In the Museum’s Entry Gallery, Selections from the Permanent Collection: Sister Corita Kent features the artist’s bold graphic works’ including twenty-three prints representing letters of Kent’s universal alphabet of peace, the Signal Code Alphabet, from the Museum’s permanent collection. The show presents fifteen serigraphs on loan from the Corita Art Center and the Portland Art Museum in order to complete the alphabet and show a range of her prints. Works from the 1960’s include images of the Vietnam War, Bobby Kennedy, the Berrigan Brothers and other cultural icons paired with quotations from William Sloane Coffin, Lorraine Hansberry, and Walt Whitman. Kent’s prints offer a unique opportunity to engage with the tumultuous 1960s.
While the spring exhibitions are on view, the Schneider Museum of Art will present a workshop and a performance piece by the Portland-based Physical Education (PE), comprised of dance and performance artists keyon gaskin, Allie Hankins, Lucy Lee Yim and Takahiro Yamamoto. Physical Education’s performance on Sunday May 10 at 8:00 PM will take place in, and collaborate with, Garrick Imatani’s Southern Oregon Site Project installation. The goal of the Movement workshop with PE, to be held Saturday, May 9 at 12:00 PM, is to inspire a critical dialogue that acknowledges and scrutinizes the perceived illegibility and messiness of the performing body. PE’s vision is to offer performance audiences, artists of all mediums, and curious individuals immersive modes through which to engage with dance and performance.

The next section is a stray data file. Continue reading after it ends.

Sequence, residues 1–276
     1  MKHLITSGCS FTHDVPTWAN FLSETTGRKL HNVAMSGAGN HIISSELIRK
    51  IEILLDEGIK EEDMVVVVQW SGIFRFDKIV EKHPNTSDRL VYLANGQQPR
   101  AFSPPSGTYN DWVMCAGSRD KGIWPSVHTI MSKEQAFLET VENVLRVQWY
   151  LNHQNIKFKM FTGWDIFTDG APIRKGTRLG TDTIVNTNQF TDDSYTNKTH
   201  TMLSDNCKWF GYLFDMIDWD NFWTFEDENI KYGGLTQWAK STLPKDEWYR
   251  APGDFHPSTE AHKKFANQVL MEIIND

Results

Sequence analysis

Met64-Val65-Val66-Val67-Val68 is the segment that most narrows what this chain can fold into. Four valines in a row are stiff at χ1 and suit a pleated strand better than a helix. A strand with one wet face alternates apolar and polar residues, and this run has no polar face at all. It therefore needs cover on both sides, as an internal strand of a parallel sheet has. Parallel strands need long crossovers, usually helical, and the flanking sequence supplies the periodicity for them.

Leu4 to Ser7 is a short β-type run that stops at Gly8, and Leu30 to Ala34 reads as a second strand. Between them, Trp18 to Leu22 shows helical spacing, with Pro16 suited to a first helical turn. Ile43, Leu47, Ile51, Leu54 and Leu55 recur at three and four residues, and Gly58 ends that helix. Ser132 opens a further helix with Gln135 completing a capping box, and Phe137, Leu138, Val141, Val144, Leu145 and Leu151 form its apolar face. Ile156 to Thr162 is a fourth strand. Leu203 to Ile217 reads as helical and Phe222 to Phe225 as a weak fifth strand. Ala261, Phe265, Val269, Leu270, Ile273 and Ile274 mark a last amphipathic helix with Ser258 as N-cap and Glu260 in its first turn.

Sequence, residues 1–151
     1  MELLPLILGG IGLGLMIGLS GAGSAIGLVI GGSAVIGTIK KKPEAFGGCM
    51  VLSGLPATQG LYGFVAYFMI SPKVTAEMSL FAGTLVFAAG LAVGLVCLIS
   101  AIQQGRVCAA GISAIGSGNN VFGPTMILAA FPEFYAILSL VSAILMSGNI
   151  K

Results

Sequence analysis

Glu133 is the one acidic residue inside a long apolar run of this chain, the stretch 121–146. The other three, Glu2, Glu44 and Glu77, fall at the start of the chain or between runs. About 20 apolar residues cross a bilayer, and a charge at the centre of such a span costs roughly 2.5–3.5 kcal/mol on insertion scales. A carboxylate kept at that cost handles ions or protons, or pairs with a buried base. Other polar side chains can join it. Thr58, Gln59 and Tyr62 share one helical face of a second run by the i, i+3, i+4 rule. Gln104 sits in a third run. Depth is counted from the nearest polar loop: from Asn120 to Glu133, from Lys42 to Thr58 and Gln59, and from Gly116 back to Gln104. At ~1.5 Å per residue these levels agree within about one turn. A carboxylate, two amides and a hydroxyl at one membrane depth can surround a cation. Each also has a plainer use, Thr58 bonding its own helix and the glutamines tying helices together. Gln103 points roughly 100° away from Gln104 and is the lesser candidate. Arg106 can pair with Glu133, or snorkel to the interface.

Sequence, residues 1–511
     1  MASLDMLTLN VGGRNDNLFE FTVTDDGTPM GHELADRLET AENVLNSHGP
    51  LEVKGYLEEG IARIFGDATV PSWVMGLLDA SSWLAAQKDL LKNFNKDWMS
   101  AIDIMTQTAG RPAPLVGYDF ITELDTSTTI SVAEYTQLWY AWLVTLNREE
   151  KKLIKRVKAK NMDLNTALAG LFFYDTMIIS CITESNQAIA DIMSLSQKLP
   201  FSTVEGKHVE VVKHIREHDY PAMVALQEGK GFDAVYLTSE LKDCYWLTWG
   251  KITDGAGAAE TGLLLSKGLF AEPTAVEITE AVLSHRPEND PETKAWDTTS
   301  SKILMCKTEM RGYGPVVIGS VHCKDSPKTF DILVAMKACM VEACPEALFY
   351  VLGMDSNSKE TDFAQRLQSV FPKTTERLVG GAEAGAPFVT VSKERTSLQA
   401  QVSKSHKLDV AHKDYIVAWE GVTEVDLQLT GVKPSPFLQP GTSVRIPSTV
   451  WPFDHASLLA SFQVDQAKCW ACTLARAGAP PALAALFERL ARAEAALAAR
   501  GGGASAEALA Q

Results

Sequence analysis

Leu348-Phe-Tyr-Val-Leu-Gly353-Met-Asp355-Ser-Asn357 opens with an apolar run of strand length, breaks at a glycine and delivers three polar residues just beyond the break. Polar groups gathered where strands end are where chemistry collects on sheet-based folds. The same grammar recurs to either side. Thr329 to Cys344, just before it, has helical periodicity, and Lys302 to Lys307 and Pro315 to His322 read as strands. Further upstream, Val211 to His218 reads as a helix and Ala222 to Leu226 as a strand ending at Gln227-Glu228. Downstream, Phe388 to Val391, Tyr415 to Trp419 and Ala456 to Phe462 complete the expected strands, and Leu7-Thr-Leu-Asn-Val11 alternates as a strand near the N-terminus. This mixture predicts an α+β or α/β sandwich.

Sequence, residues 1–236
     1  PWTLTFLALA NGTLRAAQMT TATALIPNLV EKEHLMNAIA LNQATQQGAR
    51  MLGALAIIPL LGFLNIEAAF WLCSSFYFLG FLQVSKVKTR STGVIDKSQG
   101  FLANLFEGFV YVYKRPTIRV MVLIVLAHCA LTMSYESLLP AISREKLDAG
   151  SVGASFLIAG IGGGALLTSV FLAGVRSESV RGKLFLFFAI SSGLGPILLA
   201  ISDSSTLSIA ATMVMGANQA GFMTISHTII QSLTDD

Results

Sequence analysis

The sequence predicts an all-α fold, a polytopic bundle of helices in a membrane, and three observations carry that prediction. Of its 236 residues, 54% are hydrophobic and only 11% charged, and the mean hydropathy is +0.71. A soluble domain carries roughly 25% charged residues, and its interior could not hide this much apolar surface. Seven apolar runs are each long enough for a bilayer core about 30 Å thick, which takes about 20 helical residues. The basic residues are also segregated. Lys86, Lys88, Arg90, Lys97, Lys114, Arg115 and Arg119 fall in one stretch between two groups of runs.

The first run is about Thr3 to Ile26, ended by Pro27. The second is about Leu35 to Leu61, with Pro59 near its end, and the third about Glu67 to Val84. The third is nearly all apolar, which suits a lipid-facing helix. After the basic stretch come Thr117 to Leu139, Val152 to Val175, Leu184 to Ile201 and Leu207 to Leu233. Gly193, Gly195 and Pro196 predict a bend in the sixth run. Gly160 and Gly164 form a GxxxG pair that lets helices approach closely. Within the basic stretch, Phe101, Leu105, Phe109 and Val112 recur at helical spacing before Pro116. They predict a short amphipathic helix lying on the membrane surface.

Two FREE Family Days accompanying the spring exhibitions are scheduled for Saturday, April 18 and Saturday, May 23, from 10:00 AM to 1:00 PM. The Museum will also hold Tuesday Tours – weekly docent-led educational tours for the public on Tuesdays at noon. Please call to schedule a special tour for your group.
Regular Museum hours are Monday through Saturday, 10:00 AM to 4:00 PM. The Schneider Museum of Art’s spring exhibitions are generously supported by Platt Anderson Cellars, Market of Choice, Rogue Frameworks, the Oregon Arts Commission, The Ford Family Foundation, and the National Endowment for the Arts – Artworks program.